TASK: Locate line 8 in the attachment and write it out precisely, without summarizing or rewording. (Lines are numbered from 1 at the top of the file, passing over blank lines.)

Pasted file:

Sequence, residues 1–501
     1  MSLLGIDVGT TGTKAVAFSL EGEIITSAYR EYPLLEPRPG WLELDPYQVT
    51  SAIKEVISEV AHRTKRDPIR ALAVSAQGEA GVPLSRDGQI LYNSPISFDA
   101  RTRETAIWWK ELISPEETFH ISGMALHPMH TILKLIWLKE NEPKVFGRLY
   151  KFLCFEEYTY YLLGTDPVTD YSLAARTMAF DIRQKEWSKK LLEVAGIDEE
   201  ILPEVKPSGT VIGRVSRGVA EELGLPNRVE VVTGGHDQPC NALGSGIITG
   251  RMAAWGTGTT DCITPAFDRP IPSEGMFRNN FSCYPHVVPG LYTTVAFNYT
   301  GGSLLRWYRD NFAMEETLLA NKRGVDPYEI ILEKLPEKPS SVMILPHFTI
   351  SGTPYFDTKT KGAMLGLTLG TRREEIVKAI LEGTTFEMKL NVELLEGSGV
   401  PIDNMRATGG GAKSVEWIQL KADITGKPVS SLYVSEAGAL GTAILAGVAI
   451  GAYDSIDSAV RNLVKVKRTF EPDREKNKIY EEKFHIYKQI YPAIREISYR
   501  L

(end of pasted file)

   301  GGSLLRWYRD NFAMEETLLA NKRGVDPYEI ILEKLPEKPS SVMILPHFTI